HomeCambodian/ Khmer American‘We Are So Much More Than Our Memories of War’

‘We Are So Much More Than Our Memories of War’

‘Planting SEADS – Knowing Our Joy’ is an anthology of first-person stories from Khmer, Laotian, Viet, and Hmong refugees.

By Sunita Sohrabji via Ethnic Media Services

The Khmer, Laotian, Viet, and Hmong communities collectively make up more than 3.3 million residents in the US, yet are largely invisible.

“People only reach out to our elders when they want to talk about the war. Our people are so much more complex than that,” said Jessica Eckerstorfer, co-director of programming and operations at the Minneapolis, Minnesota-based South East Asian Diaspora Project.

Minnesota’s Southeast Asian population is one of the largest in the US, and includes more than 88,000 Hmong Americans.

Planting SEADS

Jessica Eckerstorfer, co-director of programming and operations at the South East Asian Diaspora Project. (photo provided)

The SEAD Project is one of five organizations involved with Asian Americans Advancing Justice-AAJC’s Narrative Change and Caregiving Project. The initiative is funded by the Robert Wood Johnson Foundation. For the initiative, the SEAD Project created an anthology of 18 stories told by elders and captured by a young family member. The book “Planting SEADS – Knowing Our Joy” was released Dec. 2, 2023.

Many of the stories are set in the US, while others are rooted in Southeast Asia. Each story is translated into the heritage language of the storyteller and is accompanied by artwork created specifically for the story. The anthology is also filled with family photos, some from half a century ago.

In one tale, a mother teaches her daughter how to flirt, while telling her about the first boy she loved, a secret tryst hidden from her parents. Another tells the story of a Laotian fisherman: The Man Who Could Catch Anything.”

Secret War

“The Singing Gardener” tells the story of a teenager who lived in a refugee camp, but made her way to the US to work as a babysitter in Minnesota. “My mom compares music to food. The joy that music brings us in nourishment,” writes the storyteller, who goes on to describe a trip to Paris with her parents, and the food they ate there.

“Who I’ll Never Forget” is the story of a family fleeing their home amid the “Secret War,” and settling in the US. Eckerstorfer’s favorite story is about a Khmer woman who picks blueberries for a living, while trying to prove that she is as tough as her male counterparts. One day in the fields, she lets loose a loud fart and a laugh, to prove her grit to her co-workers.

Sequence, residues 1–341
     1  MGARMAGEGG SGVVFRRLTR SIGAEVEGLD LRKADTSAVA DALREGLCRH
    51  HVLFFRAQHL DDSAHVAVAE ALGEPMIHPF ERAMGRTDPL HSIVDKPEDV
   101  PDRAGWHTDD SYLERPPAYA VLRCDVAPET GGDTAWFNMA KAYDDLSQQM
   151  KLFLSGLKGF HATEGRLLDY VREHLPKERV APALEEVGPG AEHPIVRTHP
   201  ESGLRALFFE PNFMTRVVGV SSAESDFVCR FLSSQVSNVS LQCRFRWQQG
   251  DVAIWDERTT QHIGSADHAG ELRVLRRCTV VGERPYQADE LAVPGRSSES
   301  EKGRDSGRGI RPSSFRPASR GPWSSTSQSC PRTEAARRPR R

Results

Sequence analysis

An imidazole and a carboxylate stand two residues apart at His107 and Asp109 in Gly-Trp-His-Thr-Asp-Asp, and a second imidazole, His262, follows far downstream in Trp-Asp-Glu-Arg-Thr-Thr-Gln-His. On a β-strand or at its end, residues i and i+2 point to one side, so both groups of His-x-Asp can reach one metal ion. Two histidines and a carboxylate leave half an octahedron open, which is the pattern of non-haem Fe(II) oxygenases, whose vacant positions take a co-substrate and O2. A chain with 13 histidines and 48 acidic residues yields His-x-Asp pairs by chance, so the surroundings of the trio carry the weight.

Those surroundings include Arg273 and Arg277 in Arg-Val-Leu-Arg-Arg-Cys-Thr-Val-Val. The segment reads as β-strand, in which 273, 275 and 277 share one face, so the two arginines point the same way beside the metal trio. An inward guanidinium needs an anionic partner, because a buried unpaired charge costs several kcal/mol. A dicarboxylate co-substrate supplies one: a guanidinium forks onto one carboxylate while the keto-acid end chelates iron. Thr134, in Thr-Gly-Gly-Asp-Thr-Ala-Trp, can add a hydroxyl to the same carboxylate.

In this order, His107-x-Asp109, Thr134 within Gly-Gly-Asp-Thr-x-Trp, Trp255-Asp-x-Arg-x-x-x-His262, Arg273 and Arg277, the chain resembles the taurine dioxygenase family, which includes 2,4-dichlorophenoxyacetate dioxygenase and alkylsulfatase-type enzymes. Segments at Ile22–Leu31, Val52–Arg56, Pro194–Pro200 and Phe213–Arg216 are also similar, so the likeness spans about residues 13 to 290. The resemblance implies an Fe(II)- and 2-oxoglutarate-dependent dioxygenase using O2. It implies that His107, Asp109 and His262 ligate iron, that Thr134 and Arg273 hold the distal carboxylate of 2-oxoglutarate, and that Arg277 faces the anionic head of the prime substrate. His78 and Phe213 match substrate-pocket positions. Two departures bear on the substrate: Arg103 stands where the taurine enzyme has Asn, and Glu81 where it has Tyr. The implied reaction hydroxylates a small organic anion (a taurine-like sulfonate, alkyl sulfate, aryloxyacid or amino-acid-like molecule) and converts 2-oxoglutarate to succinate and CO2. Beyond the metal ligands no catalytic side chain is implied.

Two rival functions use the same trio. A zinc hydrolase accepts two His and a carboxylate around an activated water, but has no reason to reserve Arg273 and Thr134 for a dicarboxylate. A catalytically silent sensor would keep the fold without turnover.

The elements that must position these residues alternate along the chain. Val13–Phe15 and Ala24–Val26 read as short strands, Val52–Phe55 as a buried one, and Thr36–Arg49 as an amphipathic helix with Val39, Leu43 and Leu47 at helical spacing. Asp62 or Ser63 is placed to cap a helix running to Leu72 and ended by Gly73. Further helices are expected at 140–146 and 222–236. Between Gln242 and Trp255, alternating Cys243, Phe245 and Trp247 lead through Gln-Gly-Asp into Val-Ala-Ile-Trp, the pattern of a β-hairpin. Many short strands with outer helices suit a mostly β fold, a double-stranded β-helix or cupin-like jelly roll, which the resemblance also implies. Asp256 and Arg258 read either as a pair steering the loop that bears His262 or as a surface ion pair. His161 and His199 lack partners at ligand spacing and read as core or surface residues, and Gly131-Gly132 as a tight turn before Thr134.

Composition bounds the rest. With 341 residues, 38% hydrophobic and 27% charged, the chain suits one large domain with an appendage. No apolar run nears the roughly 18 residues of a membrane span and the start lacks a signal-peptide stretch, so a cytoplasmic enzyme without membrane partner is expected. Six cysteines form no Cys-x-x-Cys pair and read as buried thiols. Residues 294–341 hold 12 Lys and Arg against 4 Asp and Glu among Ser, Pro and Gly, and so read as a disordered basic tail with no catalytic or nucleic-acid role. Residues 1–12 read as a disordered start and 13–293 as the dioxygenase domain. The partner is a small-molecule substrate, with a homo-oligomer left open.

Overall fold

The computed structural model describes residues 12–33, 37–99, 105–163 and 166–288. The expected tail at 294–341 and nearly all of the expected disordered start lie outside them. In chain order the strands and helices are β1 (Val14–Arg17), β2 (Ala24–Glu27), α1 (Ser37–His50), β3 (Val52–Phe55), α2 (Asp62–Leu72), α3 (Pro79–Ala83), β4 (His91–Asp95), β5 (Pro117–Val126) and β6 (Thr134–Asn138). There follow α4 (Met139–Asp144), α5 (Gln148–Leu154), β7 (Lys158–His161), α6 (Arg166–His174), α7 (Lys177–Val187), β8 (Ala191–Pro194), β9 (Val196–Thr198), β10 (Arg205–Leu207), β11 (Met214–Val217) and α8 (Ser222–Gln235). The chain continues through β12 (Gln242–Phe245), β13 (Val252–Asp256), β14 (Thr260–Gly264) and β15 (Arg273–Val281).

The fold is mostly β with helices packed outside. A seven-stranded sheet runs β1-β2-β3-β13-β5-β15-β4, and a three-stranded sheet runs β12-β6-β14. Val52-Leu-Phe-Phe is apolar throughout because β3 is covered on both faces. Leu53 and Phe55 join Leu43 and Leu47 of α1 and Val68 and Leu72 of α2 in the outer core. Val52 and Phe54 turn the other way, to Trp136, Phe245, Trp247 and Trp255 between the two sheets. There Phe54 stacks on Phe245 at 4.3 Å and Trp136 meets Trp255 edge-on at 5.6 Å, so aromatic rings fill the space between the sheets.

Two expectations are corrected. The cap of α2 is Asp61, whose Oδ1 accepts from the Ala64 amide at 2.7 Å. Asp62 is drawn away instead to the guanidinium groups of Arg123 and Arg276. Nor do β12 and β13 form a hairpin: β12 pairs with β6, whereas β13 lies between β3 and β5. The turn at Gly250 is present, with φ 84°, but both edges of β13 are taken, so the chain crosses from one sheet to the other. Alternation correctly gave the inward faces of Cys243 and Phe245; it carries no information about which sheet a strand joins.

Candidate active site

“All of us on staff are Southeast Asian folks. So being able to tie into our community wasn’t hard. It was actually overwhelming because way more asked to join the program than we had space,” said Eckerstorfer.


Younger family members were guided in three sessions about the concepts of storytelling and story collection. “And there was already that familiarity of being a family member, of having that relationship that made bringing the elders into the program much easier,” she said.

Prevailing themes throughout the anthology are the struggles and joys of building new lives, completely from scratch. Resilience is also a theme that prevails throughout the book. “So many of our elders, whether it was the refugee camps or being separated from family, losing family members, even the process of immigration of coming over here and finding asylum, they found humor and person-hood and strength, and a real love for family. That comes through all of these stories,” said Eckerstorfer. “You’d be talking about really difficult things, but then but also talking about the beauty and the care everyone has for one another.”

“After the program was finished, I had so many people say this was their favorite experience of the year. Some people actually had their elders read their stories at the event, and people were crying. It was really beautiful,” said Eckerstorfer. “But I think the biggest impact to was everyone seeing their artwork. Being able to see familial representations honored was really important, especially for stories that they hadn’t heard before.”

In the second year of the initiative, the SEAD Project will commemorate the 50th year of the fall of Saigon, which ended the Vietnam War. The organization is planning to collect 8 more stories and retell them in a performance art format that will tour around the state.

“We’re getting visibility,” said Eckerstorfer. “We have Southeast Asian folks who are in political positions. We’re seeing our 2nd and 3rd generation folks grow into occupations that our 1st generation folks never even would have thought of before. So we’re seeing those small steps taking place.”

AsAmNews is published by the non-profit, Asian American Media Inc. Follow us on FacebookX, InstagramTikTok and YouTube. Please consider making a tax-deductible donation to support our efforts to produce diverse content about the AAPI communities. We are supported in part by funding provided by the State of California, administered by the California State Library in partnership with the California Department of Social Services and the California Commission on Asian and Pacific Islander American Affairs as part of the Stop the Hate program. To report a hate incident or hate crime and get support, go to CA vs Hate.


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